Digging deeper into terrestrial magnetism
For centuries travellers used compasses for navigation without understanding how they worked. For many years it was assumed that the magnetic and geographic poles were the same, a misconception that led to the early discovery of North America by Christopher Columbus in 1492. At the magnetic poles the field lines point straight up and down and so a compass there is useless.
Like all forms of magnetism the Earth's magnetic field is produced by electric currents. One theory accounting for the production of these currents is that deep in the Earth's core, hot molten magma rises, cools and sinks. Then, the whole process repeats itself. It is thought that within these rising and falling masses of magma the rotation of the Earth creates organized patterns of circular electrical currents, called eddies. The interior of the planet in fact acts like a giant dynamo.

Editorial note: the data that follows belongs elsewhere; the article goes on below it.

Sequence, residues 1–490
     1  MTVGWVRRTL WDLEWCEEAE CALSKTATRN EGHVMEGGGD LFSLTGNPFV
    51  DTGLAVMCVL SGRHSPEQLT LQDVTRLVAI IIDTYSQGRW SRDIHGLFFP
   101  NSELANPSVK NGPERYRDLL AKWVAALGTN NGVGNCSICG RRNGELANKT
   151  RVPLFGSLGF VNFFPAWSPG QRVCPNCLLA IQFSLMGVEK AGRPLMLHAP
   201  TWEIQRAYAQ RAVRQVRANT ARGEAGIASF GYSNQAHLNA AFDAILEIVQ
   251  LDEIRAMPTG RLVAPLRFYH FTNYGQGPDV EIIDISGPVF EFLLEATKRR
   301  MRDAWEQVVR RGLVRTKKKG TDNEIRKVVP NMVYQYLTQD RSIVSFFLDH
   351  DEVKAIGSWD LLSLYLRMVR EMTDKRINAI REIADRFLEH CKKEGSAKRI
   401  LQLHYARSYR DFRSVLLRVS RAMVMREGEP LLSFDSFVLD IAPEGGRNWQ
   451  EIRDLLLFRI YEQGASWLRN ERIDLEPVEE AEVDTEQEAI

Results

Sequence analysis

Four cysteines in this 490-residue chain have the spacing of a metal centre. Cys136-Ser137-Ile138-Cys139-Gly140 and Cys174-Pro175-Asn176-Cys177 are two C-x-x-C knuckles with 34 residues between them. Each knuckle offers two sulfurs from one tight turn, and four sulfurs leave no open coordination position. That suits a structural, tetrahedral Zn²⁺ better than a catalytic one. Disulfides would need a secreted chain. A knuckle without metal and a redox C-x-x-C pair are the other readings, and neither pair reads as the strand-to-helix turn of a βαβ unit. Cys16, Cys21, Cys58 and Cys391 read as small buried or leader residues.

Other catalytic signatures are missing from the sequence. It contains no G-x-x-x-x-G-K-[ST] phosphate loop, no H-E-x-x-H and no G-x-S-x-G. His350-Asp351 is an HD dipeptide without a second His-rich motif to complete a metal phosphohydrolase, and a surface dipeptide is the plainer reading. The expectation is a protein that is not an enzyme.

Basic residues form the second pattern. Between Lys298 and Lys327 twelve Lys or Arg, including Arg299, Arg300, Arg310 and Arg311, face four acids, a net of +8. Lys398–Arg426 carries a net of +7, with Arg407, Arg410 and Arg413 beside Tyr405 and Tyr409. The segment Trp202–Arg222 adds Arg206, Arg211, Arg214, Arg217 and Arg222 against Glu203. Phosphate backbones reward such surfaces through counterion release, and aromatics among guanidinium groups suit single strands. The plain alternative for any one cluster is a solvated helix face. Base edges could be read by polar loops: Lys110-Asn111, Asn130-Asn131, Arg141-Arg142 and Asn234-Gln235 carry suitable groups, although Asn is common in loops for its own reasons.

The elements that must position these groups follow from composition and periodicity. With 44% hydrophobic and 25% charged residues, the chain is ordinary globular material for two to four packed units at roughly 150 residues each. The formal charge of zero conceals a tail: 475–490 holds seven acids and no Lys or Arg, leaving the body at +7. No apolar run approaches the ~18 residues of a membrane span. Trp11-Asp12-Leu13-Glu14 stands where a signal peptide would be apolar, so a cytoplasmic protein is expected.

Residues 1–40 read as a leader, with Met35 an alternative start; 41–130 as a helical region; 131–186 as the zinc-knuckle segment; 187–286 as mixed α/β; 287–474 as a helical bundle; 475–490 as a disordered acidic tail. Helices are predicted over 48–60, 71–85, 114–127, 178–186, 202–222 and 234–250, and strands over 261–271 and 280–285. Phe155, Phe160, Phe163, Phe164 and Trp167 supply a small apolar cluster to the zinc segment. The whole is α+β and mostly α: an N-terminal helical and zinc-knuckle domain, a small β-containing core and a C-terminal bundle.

Geophysicists have found that some of the Earth's magnetic field reversals occurred within a few 10,000 years of each other, and others, tens of millions of years apart. Lately the field has been reversing on the average, every 200,000 years, although it hasn't happened in the last 800,000 years. It is not known whether this reversal occurs gradually, or whether there is a period of time when there is no magnetic field at all. This latter possibility could have devastating effects for life on Earth, as it is the magnetic field which protects the Earth from deadly solar radiation. In fact, there appears to be good correlation between magnetic field reversals in the past and extinction of certain species. It is not known why these reversals occur, but it is as if the 'dynamo' in the Earth's core is turned off and turned on again in the opposite direction.
Posted by Jay Roberts at 04:37 AM | Permalink